Economists and market analysts have pinned the dollar’s recent weakness on diminishing expectations for a Federal Reserve interest-rate hike by the end of 2016.
But some say there might be a more plausible explanation.
Marc Chandler, global head of currency strategy at Brown Brothers Harriman, said in a Tuesday note, that a rash of maturing Treasurys will leave foreign investors with billions in cash looking for a home. And given the rising cost of hedging dollar-denominated investments, they might not be as eager to reinvest that money in the U.S. Read the note here.
According to Chandler, $54.56 billion in U.S. Treasurys mature in August. The Treasury is also on the hook for $37.45 billion in coupon payments. All together, that is $92 billion in capital. New issuance of $62 billion will offset a big chunk of this—but that still leaves $30 billion to be invested. Chandler believes that a chunk of this is being repatriated or invested in higher-yielding bond markets. And Japanese investors, being the second-largest foreign holders of Treasurys after China, are likely to be key players, Chandler said.
From a purely technical standpoint, the dollar’s positioning looks vulnerable to Chandler. The ¥100 level might be the neckline to a head-and-shoulders pattern, and a break below that level—which happened early Tuesday—could signal more weakness ahead.
The theory that the dollar’s weakness is tied to expectations that the Federal Reserve might keep interest rates lower for longer has two important flaws, Chandler said. First, Fed-funds futures, a popular gauge of investors feelings about the timing of Fed rate increases, haven’t much substantially since the beginning of the month.
Presently, the odds cited by Bloomberg show an 18% chance of a hike in September, little changed from the probability expected on Aug. 1. The performance of the two-year Treasury yield, which is heavily influenced by rate-hike expectations, has fallen since the beginning of the month, suggesting that, if anything, the market sees a higher probability of rate increases.
Chandler isn’t the only one to hit on this theme. In a note released Tuesday, Capital Economics pointed out that the rising cost of hedging dollar-denominated debt has almost entirely eroded the yield advantage of U.S. Treasurys over Japanese government debt.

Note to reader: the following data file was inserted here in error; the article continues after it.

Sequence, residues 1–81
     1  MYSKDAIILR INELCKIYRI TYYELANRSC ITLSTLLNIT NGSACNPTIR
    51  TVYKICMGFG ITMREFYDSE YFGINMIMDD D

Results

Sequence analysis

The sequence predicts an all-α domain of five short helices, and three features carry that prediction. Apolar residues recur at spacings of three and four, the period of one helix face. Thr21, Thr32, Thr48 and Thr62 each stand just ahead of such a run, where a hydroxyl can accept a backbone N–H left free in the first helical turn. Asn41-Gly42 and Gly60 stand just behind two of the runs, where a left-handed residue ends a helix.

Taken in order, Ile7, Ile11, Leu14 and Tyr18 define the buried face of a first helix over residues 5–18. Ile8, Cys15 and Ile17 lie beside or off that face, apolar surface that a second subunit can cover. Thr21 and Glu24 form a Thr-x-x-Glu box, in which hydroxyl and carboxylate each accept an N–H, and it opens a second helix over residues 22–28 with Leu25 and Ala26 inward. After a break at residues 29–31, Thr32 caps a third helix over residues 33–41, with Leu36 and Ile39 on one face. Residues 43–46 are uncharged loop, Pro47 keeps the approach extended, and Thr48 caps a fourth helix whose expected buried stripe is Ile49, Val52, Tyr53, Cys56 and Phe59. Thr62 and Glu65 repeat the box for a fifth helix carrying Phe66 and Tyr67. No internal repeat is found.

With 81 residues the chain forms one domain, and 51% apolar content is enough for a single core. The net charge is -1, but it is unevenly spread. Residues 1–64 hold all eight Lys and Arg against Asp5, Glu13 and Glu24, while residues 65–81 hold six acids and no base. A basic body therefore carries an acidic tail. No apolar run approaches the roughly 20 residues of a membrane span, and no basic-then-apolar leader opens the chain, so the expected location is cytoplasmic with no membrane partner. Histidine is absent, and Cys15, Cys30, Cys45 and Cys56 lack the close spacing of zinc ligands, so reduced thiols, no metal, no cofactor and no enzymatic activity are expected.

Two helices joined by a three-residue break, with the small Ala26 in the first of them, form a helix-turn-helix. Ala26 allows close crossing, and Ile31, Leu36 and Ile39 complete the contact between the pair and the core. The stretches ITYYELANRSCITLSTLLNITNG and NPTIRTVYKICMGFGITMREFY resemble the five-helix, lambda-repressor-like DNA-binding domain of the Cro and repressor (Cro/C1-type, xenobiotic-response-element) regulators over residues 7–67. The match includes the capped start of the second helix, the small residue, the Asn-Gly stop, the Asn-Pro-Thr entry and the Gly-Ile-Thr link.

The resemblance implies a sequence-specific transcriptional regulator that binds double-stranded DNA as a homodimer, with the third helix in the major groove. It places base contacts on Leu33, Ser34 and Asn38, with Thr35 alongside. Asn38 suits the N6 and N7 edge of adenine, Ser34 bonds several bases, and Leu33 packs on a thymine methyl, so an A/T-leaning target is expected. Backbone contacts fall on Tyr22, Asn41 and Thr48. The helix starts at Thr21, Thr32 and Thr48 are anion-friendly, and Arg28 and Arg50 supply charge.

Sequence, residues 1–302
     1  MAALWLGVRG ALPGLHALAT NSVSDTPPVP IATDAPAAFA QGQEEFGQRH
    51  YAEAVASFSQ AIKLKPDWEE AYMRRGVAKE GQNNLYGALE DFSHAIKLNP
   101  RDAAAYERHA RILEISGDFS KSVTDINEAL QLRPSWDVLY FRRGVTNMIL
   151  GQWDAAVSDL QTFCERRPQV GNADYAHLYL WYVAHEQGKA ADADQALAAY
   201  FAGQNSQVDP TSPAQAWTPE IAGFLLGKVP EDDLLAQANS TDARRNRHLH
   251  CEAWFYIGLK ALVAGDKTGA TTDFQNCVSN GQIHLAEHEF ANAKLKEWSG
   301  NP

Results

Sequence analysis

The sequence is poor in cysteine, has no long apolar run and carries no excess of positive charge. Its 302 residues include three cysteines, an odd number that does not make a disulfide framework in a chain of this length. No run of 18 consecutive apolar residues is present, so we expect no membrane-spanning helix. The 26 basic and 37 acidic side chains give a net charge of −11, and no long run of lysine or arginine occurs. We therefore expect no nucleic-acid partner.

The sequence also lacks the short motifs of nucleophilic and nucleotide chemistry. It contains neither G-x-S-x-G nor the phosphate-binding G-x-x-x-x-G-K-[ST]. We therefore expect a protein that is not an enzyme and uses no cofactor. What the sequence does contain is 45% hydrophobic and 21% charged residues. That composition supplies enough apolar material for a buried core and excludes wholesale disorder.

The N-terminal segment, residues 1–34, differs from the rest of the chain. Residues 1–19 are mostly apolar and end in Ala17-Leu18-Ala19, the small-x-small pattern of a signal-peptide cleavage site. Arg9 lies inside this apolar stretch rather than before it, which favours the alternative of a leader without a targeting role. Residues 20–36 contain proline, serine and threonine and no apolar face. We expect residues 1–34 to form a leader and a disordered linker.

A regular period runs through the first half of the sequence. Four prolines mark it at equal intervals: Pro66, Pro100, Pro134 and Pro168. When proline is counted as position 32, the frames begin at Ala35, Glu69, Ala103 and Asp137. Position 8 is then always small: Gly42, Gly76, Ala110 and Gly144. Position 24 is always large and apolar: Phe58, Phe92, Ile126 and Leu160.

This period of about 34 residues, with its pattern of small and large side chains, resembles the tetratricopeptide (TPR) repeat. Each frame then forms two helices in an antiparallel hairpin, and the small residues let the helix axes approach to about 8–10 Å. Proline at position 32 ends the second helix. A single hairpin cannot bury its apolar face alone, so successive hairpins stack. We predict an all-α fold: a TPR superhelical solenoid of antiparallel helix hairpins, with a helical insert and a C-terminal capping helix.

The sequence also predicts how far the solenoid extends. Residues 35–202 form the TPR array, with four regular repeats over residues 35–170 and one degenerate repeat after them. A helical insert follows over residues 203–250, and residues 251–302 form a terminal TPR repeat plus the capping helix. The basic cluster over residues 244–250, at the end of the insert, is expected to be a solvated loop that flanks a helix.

This problem isn’t limited to Japan.
“It is a similar story for euro-based investors looking to invest in Treasurys. The hedged yield available to them has also plummeted from more than 2.5% to around zero over the same period, not much more than the current yield of a 10-year German bund TMBMKDE-10Y, +0.00% ,” wrote John Higgins, chief markets economist at Capital Economics.
Falling foreign demand for Treasurys would also weigh on the dollar because if European and Japanese investors are buying fewer bonds, then they’re also buying fewer of the dollars needed to pay for those bonds.
To be sure, declining foreign demand isn’t a new trend. Treasury International Capital data released on Monday showed net selling of Treasurys by foreign investors for the third straight month in June.
Year to date, foreign investors have sold $143 billion of U.S. debt, the most on record in any six-month time frame, according to an analysis by The Lindsey Group.
“Bottom line, this wall of money that so many have thought has been piling into U.S. Treasurys in order to pick up some yield is not at all evident in this data and in fact, the exact opposite is happening,” said Peter Boockvar, chief market analyst at the Lindsey Group, in an email after the release.
However, the TIC data don’t cover the time period after the U.K.’s historic June 23 vote to exit the European Union, Boockvar noted, which means that they don’t explain recent moves in the dollar.
Some say the recent weakness in the dollar is largely a factor of the strengthening yen, as the belief that the Bank of Japan has little room to add to its monetary stimulus efforts has encouraged investors to keep buying the haven currency.
Quincy Krosby, market strategist at Prudential Financial, said in addition, the Japanese government “is just not there yet” in terms of implementing a promised ¥28 trillion ($274 billion) fiscal stimulus package. Without it, the yen is likely to continue finding support.
The dollar USDJPY, +0.33% has fallen nearly 2% against the yen over the past two weeks. In recent trade on Wednesday, one dollar bought ¥100.20, little-changed from Tuesday’s levels.